There’s a popular walk around Johnson Lake or 3.1 km and you get great views of Mount Inglismaldie. Keep your eyes open for a fork in the trail and check out the old cabin from 1910 that was built by Billy Carver; the hermit of Inglismalide.

There are also a couple of rope swings usually by the lake which are fun to track down.

There’s a very minimal elevation on this hike so it’s a great hike with kids in Banff.

Unlike most of the lakes around Banff, Johnson Lake has a beach. The lake isn’t glacial fed so it’s actually a bit warmer than many of the lakes in Banff. However, don’t expect it to be ‘nice’ and warm; it’s still far from that. Though it is refreshing on a hot summer day.

How to get to Johnson Lake

  • By car: Located off Lake Minnewanka Scenic Drive about halfway to Two Jack Lake.
  • By bus: Take Roam Transit, route number 6.

8. Bow Lake

bow lake banff alberta

Bow Lake is another beautiful lake in Banff National Park and it’s super easy to visit since it’s just off the highway!

Bow Lake is a large Banff Lake that has that beautiful blue water again with a stunning mountain backdrop. You can do a hike up to the Bow Glacier Falls trail, or just enjoy sitting by the lake.

One of the largest lakes in Banff, Bow Lake is great for canoeing on too.

How to get to Bow Lake, Banff

  • By Car: 1 hr from Banff town, has an official parking area

9. Moraine Lake, Banff National Park

moraine lake lakeshore hike trail
Moraine Lake

Moraine Lake in Banff National Park is an incredible lake in Banff that you simply have to visit!

The backdrop to Moraine Lake is incredible. It’s surrounded by the Ten Peaks that tower in the background of the lake. There’s also a beautiful log-cabin-style hotel right on the lake shore, and plenty of stunning hikes and it’s perfect for visiting at sunrise and sunset.

As one of the most beautiful places in Canada to visit, this is one of the things on everyone’s list when they plan to visit Banff.

This stunning Banff lake is so beautiful that it even landed on the Canadian $20 note from 1969 to 1979.

It’s one of the best lakes in Canada and it’s just so pretty! Nothing can compare to the view looking across the lake from the huge rockpile at the parking lot end of the lake and over to the Valley of the Ten Peaks.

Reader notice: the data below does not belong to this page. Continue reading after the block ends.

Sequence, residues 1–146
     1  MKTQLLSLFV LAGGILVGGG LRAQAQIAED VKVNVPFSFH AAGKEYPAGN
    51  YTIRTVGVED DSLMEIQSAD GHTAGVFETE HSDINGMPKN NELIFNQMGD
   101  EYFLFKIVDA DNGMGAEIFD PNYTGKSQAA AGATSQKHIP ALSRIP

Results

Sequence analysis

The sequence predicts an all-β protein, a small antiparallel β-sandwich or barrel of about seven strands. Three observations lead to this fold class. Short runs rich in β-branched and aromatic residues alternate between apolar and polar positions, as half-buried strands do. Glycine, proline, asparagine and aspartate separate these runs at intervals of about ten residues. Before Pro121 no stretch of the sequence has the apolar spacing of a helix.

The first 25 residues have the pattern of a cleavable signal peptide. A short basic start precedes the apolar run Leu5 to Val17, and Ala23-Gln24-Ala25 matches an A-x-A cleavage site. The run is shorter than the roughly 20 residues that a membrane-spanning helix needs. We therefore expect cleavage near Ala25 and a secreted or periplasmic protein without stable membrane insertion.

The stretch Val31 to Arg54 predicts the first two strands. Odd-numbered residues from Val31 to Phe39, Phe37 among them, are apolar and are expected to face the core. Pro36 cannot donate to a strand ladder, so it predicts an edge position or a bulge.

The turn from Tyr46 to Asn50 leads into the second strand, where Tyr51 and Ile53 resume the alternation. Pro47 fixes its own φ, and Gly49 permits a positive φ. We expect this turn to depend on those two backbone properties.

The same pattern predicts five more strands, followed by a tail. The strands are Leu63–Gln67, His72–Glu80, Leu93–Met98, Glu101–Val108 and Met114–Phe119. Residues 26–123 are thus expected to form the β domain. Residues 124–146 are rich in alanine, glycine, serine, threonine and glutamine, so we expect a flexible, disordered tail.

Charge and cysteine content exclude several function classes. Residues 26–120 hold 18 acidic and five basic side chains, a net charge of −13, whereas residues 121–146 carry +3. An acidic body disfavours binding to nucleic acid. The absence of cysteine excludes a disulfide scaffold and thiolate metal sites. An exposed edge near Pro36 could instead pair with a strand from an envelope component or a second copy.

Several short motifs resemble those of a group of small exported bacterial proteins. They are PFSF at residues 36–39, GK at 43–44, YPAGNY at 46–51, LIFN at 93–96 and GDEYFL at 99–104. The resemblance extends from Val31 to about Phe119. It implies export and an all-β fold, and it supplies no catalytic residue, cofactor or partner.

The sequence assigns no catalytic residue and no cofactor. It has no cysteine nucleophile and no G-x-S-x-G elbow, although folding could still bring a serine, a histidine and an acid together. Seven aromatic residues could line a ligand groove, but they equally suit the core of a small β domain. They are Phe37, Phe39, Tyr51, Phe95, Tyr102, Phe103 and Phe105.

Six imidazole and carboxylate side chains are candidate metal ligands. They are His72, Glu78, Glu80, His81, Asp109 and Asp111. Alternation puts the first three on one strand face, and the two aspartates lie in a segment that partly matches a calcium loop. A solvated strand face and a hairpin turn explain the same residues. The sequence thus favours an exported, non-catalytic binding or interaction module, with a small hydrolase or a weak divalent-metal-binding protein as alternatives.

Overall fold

This lake gets incredibly busy and now the only way to get to Moraine Lake is by shuttle bus. You must book these tickets in advance (and as early as possible) in order to see Moraine Lake with your own eyes!

As one of the best things to do in Banff National Park, it’s definitely worth the additional faff of having to book the shuttle bus! Alternatively, you could also cycle the road but be prepared for some hill climbs along the way!

You also cannot really visit Moraine Lake in winter. While it is technically possible on cross-country or touring skis you need avalanche and backcountry training and equipment so is not recommended for most people.

The road from Lake Louise to Moraine Lake is only open from June to mid-October every year (varies depending on the weather).

As of 2023, you can no longer drive to Moraine Lake. The only way to get to Moraine Lake for sunrise is to either take an expensive taxi, cycle the 25km round trip OR ride with the Moraine Lake Bus Company.

The Moraine Lake Bus Company is the only company offering sunrise shuttles to Moraine Lake. Prices start at $35 per adult and $25 per child and the shuttles run from 4 am (arriving at Moraine Lake at 4.35 am) to 6.20 pm.

If you want to see Moraine Lake at sunrise, this is definitely the most affordable way!

Book your tickets to Moraine Lake here.

Parks Canada also offer shuttle buses to Moraine Lake, but these don’t start until 6.30 am and so miss the sunrise.

Another option would be to stay at Moraine Lake Lodge. It’s one of the best cabins in Banff National Park when it comes to views, but at about CAD$1,400 a night, it’s the furthest thing for a cheap option!

How to get to Moraine Lake in 2023

  • By shuttle bus: The Parks Canada shuttle bus to Moraine Lake runs from June to mid-October and goes every 20 minutes from 6.30 am to 6 pm with the last bus leaving Moraine Lake at 7.30 pm. You will need to reserve the shuttle bus. More information and reservations are here.